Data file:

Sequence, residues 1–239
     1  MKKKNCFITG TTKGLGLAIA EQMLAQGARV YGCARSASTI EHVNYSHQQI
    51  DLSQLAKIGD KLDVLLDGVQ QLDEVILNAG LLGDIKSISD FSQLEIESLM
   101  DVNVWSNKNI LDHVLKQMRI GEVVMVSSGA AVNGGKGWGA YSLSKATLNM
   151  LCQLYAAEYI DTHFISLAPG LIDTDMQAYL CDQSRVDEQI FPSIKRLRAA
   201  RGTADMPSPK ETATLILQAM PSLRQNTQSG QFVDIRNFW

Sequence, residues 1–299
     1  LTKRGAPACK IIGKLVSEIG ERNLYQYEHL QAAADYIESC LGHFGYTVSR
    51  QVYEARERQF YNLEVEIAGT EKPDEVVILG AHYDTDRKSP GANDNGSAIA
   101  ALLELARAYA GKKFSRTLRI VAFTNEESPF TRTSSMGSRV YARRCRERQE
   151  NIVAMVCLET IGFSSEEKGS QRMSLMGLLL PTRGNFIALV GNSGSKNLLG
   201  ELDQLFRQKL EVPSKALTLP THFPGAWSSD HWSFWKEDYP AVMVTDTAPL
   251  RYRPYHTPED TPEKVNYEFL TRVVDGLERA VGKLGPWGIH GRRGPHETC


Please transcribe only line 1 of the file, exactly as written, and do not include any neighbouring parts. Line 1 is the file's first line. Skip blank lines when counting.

Sequence, residues 1–239